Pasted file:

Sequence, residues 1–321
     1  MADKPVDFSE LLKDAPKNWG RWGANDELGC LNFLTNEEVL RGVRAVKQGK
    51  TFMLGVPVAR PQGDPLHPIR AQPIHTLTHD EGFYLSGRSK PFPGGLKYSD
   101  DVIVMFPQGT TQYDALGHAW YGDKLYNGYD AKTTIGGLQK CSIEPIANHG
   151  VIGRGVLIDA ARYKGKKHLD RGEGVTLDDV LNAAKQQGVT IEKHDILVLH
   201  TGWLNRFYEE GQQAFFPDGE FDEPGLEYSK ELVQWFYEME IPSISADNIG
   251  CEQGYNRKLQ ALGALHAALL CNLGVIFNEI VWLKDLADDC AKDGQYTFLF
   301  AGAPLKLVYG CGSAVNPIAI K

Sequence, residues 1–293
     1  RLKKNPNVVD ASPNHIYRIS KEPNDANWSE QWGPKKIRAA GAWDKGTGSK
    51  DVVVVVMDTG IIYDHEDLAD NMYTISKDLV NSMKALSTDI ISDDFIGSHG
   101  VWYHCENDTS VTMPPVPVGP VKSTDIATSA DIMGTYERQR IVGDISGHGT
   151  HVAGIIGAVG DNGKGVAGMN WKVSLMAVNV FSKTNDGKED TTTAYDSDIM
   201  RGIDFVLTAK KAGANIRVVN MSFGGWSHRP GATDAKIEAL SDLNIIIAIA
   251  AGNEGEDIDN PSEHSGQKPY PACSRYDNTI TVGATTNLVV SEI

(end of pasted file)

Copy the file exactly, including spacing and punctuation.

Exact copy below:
Sequence, residues 1–321
     1  MADKPVDFSE LLKDAPKNWG RWGANDELGC LNFLTNEEVL RGVRAVKQGK
    51  TFMLGVPVAR PQGDPLHPIR AQPIHTLTHD EGFYLSGRSK PFPGGLKYSD
   101  DVIVMFPQGT TQYDALGHAW YGDKLYNGYD AKTTIGGLQK CSIEPIANHG
   151  VIGRGVLIDA ARYKGKKHLD RGEGVTLDDV LNAAKQQGVT IEKHDILVLH
   201  TGWLNRFYEE GQQAFFPDGE FDEPGLEYSK ELVQWFYEME IPSISADNIG
   251  CEQGYNRKLQ ALGALHAALL CNLGVIFNEI VWLKDLADDC AKDGQYTFLF
   301  AGAPLKLVYG CGSAVNPIAI K

Sequence, residues 1–293
     1  RLKKNPNVVD ASPNHIYRIS KEPNDANWSE QWGPKKIRAA GAWDKGTGSK
    51  DVVVVVMDTG IIYDHEDLAD NMYTISKDLV NSMKALSTDI ISDDFIGSHG
   101  VWYHCENDTS VTMPPVPVGP VKSTDIATSA DIMGTYERQR IVGDISGHGT
   151  HVAGIIGAVG DNGKGVAGMN WKVSLMAVNV FSKTNDGKED TTTAYDSDIM
   201  RGIDFVLTAK KAGANIRVVN MSFGGWSHRP GATDAKIEAL SDLNIIIAIA
   251  AGNEGEDIDN PSEHSGQKPY PACSRYDNTI TVGATTNLVV SEI